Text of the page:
September 5, 2019
Mortgage rates walked back a decent chunk of their recent improvements today. This claim runs counter to almost any other coverage you'll see, but I'm right and they're wrong. Actually to be fair, I'm right in a timely way and they're right in a not-so-timely way.
At issue is the weekly release of Freddie Mac's mortgage rate survey, which only captures responses from the first half of any given week. Big market movement from Wednesday afternoon through Thursday morning is never represented in the Thursday release. Despite that, media outlets rely heavily on Freddie's data to craft their customary once-a-week mortgage rate pieces. Today's examples include multiple iterations of "the lowest rates in 3 years," etc.
It's true that rates were at their lowest levels in 3 years, but it was only true yesterday. Today's rates are sharply higher after a slew of stronger economic reports and an update on US/China trade talks. You'd have to go back to last Wednesday to see the average lender offering anything higher.
While rates may be the highest in just over a week, "high" is a relative term. Taking the last 4 trading days out of the equation, today would be the best day for rates in 3 years with most lenders still able to offer 30yr fixed rates in the mid-3% range. Tomorrow brings significant risk in the form of the big jobs report--one of the most important pieces of economic data month in and month out.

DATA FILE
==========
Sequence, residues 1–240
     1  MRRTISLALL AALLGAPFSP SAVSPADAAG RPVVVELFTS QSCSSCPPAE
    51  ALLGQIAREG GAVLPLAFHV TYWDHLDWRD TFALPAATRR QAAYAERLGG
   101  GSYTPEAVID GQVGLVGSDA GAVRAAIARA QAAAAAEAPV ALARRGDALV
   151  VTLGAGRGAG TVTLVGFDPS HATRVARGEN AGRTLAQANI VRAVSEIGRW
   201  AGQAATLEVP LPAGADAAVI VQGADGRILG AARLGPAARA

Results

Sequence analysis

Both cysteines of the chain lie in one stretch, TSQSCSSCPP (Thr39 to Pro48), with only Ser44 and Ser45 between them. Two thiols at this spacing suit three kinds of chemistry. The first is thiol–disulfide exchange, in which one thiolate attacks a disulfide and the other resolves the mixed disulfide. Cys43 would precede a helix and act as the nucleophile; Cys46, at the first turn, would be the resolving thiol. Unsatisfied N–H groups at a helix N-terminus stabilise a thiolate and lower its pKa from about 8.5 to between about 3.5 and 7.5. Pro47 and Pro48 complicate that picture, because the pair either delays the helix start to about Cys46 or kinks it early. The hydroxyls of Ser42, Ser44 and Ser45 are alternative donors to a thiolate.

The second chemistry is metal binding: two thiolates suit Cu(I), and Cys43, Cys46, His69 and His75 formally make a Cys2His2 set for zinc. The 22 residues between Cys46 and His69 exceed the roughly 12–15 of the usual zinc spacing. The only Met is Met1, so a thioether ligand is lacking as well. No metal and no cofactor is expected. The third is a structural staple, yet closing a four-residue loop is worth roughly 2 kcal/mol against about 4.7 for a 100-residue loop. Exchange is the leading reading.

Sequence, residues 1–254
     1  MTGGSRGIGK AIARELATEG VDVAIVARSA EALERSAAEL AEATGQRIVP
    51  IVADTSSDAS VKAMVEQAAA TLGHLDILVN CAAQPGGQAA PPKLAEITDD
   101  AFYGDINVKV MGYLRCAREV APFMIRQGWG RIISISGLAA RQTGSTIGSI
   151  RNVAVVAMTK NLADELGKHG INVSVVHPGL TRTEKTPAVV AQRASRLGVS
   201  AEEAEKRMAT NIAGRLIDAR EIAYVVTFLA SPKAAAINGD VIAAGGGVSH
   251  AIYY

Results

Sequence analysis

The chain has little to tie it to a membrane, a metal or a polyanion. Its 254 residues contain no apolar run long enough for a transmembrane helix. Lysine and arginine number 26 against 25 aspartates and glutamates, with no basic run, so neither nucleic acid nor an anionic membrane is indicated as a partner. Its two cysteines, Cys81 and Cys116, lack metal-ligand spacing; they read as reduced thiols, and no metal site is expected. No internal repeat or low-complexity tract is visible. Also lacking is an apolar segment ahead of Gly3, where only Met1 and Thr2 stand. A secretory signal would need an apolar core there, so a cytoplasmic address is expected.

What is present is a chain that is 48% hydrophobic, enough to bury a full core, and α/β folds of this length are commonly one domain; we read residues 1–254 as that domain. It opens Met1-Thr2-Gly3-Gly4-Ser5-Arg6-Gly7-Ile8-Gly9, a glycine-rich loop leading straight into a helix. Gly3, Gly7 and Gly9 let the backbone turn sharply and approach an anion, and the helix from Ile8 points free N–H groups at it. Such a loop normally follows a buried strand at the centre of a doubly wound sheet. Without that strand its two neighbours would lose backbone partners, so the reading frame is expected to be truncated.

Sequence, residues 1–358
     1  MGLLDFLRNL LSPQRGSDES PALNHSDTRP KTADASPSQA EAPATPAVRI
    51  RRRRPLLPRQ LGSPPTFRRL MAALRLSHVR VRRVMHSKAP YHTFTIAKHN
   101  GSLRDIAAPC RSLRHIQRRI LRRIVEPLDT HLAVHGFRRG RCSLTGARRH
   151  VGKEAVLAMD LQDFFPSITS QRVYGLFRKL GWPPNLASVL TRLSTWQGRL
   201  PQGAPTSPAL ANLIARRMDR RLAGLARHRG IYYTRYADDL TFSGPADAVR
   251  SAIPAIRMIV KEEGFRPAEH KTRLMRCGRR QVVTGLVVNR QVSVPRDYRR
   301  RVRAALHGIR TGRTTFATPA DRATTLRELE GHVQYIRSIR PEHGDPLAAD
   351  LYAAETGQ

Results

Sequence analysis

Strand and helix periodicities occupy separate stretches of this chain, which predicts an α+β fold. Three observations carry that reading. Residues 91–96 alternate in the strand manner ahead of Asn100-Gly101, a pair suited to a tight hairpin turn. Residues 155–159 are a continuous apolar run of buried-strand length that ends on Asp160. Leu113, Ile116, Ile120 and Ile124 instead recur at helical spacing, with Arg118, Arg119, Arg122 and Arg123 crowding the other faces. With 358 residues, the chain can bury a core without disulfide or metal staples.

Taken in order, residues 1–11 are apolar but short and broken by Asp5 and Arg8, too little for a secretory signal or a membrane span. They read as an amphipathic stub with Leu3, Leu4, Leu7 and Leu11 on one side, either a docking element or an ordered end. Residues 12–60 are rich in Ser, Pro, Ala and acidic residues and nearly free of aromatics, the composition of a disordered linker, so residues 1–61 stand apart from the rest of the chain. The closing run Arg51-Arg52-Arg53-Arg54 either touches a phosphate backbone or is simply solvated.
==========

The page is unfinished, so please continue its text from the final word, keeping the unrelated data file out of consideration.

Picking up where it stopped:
Loan Originator Perspective
Bond markets had a tough day, as China announced potential trade talks with US and ADP employment data surpassed expectations. Our rate to record low rates may be on hold until further tariff turmoil surfaces. I'm locking applications closing within 45 days, particularly with Friday's NFP jobs report looming. - Ted Rood, Senior Originator
Today's Most Prevalent Rates
- 30YR FIXED - 3.5-3.625%
- FHA/VA - 3.25%
- 15 YEAR FIXED - 3.125 - 3.25%
- 5 YEAR ARMS - 3.25-3.75% depending on the lender
Ongoing Lock/Float Considerations
- 2019 has been the best year for mortgage rates since 2011. Big, long-lasting improvements such as this one are increasingly susceptible to bounces/corrections.
- Fed policy and the US/China trade war have been key players
- The Fed and the bond market (which dictates rates) will be watching economic data closely, both at home and abroad, as well as trade war updates. The stronger the data and trade relations, the more rates could rise, while weaker data and trade wars will lead to new long-term lows.
- Rates discussed refer to the most frequently-quoted, conforming, conventional 30yr fixed rate for top tier borrowers among average to well-priced lenders. The rates generally assume little-to-no origination or discount except as noted when applicable. Rates appearing on this page are "effective rates" that take day-to-day changes in upfront costs into consideration.